Even though it was originally a court dance, its faddishness in rural areas caused it to become a target of satire and jest (I like that phrase, "satire and jest"; nice to have a chance to use it), such as in Beaumont's Knight of the Burning Pestle (first performed 1607), with its apprentice-playing-a-knight, who gives a stirring speech to his fellow Londoners whilst wearing both armor and morris dancewear.

And then it was rediscovered, and declared to be one of the ancient pagan dances of our ancient pagan peoples, in honor of the wheel of the year, or the fecundity of the crops, or whatever, and so it had a new heyday. And this lasted for a while, so you couldn't go visit any tourist sites in England without running into morris dances.

But now, alas, it's going the way of all flesh again.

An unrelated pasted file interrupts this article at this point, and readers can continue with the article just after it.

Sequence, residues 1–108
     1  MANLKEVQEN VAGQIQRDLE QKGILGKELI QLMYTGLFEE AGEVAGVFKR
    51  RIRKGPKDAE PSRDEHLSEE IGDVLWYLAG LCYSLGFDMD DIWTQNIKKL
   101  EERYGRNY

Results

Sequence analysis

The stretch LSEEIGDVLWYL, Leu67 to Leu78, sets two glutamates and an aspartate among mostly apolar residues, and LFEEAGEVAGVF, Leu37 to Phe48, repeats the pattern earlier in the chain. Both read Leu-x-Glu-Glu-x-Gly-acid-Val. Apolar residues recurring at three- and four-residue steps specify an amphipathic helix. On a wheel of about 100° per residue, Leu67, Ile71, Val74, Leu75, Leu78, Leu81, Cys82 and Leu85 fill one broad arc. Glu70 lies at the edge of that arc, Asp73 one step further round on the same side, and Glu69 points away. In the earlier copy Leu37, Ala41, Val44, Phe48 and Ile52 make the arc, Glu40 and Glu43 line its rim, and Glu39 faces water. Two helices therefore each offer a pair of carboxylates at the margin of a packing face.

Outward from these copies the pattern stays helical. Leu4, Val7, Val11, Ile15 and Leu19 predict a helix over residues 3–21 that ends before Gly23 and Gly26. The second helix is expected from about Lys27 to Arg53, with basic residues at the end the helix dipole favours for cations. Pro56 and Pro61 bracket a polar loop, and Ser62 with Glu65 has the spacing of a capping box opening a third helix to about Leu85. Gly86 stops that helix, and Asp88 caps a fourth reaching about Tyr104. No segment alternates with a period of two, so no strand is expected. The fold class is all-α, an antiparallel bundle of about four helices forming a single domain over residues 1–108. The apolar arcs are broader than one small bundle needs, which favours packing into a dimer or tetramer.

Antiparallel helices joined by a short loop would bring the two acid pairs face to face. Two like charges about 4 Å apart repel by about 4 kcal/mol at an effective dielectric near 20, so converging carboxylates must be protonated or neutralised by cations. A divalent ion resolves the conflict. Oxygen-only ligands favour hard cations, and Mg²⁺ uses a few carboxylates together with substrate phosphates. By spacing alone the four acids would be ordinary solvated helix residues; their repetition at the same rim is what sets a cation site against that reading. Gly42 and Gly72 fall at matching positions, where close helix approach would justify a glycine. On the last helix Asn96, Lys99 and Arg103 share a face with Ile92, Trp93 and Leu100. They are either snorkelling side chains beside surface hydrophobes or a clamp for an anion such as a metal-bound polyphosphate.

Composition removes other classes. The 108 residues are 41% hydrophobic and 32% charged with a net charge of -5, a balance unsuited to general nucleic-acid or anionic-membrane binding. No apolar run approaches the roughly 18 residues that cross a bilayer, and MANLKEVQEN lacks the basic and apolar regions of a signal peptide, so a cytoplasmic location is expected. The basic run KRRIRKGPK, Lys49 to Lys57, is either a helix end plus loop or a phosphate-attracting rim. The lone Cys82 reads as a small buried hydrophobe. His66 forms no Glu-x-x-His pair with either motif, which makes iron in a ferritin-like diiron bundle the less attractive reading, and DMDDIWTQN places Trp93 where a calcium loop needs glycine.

Not to worry, though -- I expect it'll be resurrected in a few decades, under yet a new guise, so all those ribbons and bells won't go to waste. Keep them in the attic for your grandchildren.

14 January 2009

Bitter Cold. Let us have Gratitude for the New Furnace.

It's cold today, so cold that the dogs didn't want to stay outside. And it'll get colder over the next couple of days. Very nice to be able to come in from the dog walk and stay inside.

Luckily for us, over the past few weeks Nutwood has been visited by the heating and air conditioning guy, who has already put in a new furnace downstairs, and added duct work to two of the bedrooms on the second floor.

Because of the decades of changing uses of the house, the duct work (and the plumbing, and the electricity) is insane -- ducts going all over the place, often nowhere, heat sent to nowhere, where it stays. So this major renovation, though it doesn't make the house LOOK any better, is crucial to the health of it and its inhabitants.

Later this week, the heating guy and the contractor guy are going to start fixing up the third floor attic, with insulation and heat and even a bathroom, so that guests have a place to stay. And be warm.

On the 27th of January -- in completely unrelated news -- bloggers are exhorted to celebrate the birthday of Lewis Carroll by blogging about a reality that isn't there, on Rabbit Hole Day.